I touch the walls made of cypress and wonder if it hurt when we cut them down to make our walls. I’m sorry, I tell the wood…like it could hear me or something. It’s not the first time I’ve talked to it. I talk to the wood of our house a lot. It’s my secret, though.

I polish the walls and the counters and the furniture and the fixtures, and I sweep the dust from all the rooms. I linger over the pictures lined up on my parents’ dresser. I do that a lot, too.

Pictures of the ancestors I will never see.

I talk about that, too, with the wood of our house.

A rumble from outside tells me that the storm I smelled is getting closer, and I rush outside, thinking about how good the rain is going to feel on my skin.

The sky is dark and filled with angry-looking clouds. Already a wind is kicking up. Storms come fast, and I hear the siren telling the people farming in the flood plain to come back. I rush over to the fence and look down at the fields where the people are like small insects scurrying about, forming a line and moving up the trail to our town. It won’t take them long to get here.

A couple of my friends come over and watch with me. We try to see who can recognize the people first as they come over the lip of the valley trail. We wave and shout when we see Freddy, another of our friends, one of the First Generation.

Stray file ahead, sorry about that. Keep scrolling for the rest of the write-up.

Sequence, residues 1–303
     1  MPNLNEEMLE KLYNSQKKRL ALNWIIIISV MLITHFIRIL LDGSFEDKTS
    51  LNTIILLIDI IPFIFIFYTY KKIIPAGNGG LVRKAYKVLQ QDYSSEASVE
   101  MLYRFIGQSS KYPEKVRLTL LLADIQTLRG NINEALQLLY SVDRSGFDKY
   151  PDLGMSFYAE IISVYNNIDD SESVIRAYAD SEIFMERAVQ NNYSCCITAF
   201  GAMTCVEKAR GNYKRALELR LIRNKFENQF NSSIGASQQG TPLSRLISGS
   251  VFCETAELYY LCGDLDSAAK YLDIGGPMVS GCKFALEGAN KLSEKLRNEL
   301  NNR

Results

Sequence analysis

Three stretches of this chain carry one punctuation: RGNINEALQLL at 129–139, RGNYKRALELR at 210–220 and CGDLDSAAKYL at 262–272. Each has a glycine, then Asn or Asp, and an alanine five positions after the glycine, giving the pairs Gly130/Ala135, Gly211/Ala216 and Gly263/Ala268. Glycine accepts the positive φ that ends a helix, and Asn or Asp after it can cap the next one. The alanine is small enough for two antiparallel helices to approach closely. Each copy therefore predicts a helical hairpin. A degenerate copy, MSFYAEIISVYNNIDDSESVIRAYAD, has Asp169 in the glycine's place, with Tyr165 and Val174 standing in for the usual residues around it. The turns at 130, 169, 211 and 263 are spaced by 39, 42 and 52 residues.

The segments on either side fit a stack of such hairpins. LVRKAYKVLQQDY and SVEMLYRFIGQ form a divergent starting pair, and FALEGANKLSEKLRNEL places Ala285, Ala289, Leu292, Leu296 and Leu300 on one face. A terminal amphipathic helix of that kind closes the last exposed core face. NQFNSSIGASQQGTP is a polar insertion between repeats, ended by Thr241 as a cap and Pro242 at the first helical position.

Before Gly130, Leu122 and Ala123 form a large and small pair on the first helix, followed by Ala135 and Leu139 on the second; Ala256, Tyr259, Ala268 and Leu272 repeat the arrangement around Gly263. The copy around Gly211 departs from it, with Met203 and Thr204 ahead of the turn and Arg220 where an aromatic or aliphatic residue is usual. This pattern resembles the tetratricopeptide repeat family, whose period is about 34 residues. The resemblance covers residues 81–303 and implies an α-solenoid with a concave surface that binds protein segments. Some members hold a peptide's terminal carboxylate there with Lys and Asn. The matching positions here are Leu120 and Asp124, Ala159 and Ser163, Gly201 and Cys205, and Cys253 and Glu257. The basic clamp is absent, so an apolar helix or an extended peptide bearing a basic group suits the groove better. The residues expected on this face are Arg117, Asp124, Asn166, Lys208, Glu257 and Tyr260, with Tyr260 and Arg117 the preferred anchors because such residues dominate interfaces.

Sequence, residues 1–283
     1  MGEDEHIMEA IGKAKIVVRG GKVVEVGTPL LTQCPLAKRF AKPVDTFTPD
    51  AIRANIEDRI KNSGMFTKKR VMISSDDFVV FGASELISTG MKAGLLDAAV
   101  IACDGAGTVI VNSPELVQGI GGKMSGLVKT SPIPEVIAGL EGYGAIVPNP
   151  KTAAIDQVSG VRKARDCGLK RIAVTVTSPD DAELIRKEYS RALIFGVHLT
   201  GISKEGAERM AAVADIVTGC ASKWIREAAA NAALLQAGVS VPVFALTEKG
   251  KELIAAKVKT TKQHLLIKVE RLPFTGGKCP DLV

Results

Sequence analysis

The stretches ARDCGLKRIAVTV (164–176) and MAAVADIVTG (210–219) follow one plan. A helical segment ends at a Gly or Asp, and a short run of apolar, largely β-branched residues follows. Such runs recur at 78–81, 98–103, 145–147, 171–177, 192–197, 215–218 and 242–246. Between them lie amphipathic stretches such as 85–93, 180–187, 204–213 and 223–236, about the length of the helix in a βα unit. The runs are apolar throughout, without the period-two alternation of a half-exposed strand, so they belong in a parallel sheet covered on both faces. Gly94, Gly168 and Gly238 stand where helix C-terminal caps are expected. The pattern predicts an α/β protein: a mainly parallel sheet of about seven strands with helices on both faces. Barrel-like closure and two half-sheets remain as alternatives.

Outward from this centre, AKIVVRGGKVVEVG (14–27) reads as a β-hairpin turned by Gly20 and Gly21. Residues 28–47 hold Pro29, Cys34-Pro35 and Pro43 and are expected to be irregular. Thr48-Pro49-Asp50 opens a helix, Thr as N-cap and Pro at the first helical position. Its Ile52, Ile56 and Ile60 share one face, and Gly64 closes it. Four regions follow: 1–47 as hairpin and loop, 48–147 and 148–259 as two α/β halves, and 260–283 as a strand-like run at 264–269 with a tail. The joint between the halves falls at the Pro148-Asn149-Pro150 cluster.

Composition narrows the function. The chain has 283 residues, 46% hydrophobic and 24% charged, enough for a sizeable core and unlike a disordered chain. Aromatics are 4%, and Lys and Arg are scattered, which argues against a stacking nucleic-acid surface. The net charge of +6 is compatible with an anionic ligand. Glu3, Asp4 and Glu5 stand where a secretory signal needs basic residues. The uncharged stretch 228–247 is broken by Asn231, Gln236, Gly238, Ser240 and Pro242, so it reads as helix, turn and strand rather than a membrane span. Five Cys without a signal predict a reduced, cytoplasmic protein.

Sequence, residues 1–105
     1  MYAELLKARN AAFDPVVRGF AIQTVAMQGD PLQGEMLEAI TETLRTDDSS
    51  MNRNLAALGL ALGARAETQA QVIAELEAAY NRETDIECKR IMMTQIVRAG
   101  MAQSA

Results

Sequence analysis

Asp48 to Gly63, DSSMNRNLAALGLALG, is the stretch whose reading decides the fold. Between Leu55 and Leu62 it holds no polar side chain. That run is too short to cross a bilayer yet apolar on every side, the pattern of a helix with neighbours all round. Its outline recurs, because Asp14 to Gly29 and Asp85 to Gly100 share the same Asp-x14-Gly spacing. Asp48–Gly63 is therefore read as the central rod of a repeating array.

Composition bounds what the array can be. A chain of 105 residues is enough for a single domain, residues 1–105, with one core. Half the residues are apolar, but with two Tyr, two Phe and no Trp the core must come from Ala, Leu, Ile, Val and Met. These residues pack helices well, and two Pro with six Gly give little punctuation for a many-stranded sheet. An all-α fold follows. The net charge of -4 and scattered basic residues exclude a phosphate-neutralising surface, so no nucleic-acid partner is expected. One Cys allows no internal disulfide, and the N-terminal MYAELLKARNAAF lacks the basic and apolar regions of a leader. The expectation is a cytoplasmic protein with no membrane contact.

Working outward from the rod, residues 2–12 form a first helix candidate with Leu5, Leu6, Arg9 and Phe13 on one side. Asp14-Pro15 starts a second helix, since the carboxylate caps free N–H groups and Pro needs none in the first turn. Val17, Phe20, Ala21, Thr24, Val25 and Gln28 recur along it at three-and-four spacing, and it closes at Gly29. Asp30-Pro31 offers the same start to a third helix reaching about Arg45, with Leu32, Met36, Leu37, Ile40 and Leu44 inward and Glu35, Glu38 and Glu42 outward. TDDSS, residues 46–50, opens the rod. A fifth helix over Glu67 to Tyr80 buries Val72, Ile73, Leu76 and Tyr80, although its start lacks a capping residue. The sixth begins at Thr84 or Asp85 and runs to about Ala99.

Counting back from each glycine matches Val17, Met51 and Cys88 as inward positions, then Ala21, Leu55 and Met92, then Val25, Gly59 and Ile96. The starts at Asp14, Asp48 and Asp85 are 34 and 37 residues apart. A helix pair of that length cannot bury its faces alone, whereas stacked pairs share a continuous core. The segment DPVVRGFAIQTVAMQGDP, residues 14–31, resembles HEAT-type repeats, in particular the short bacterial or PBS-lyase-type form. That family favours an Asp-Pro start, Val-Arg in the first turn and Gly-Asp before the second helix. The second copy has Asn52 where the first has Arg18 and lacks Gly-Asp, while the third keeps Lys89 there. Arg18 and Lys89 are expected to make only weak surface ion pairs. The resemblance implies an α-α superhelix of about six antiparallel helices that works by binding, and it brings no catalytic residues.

I feel a hand on my shoulder the moment the thunder growls across the sky. It makes me jump, but it’s only my father.

Look down at the cypress forest, he tells me. Keep watching, he says.

Why, I wonder, but he doesn’t answer, so I watch as the lightning gets closer and closer and I feel the first drops of rain splash on my bare arms.

My father’s hand tightens on my shoulder.

My friends run to take cover.

Look! There! My father points toward the trees in the valley.

I follow the direction of his pointing fingerand see it. A bolt of lightening flashes and lands, square into the cypress forest, hitting several trees that begin to shimmer in rainbow colors as they absorb the energy. For an instant all is still. Then, the trees suddenly explode in a shower of glittering sparks.

I gasp, watching the wind gather the sparks and carry them high into the air. Little pinwheels of…something, I don’t know…come floating towards us on the wind.

I reach high, holding out my hands as the pinwheels float down around us, blinking the rain from my eyes.

My father chuckles and squeezes my shoulder.

I bring my hands down, squinting at the pinwheels in my hands that are slick with rain.

It’s how they reseed themselves, my father tells me, answering my unasked question.

I gently touch one. It’s luminous, like a jewel that’s lit from within. It feels alive in my hand. I feel as if I could speak with it and it would answer, but I am shy and do not.

Maybe later.

Come, time to get out of the rain, my father tells me, releasing my shoulder.

I ask him if I can keep one of the pinwheels.

He smiles and nods.

My home.

My trees.

CYNTHIA BRYN WILLIAMS 2012 to contact, click on following link: cb@cbwilliams.us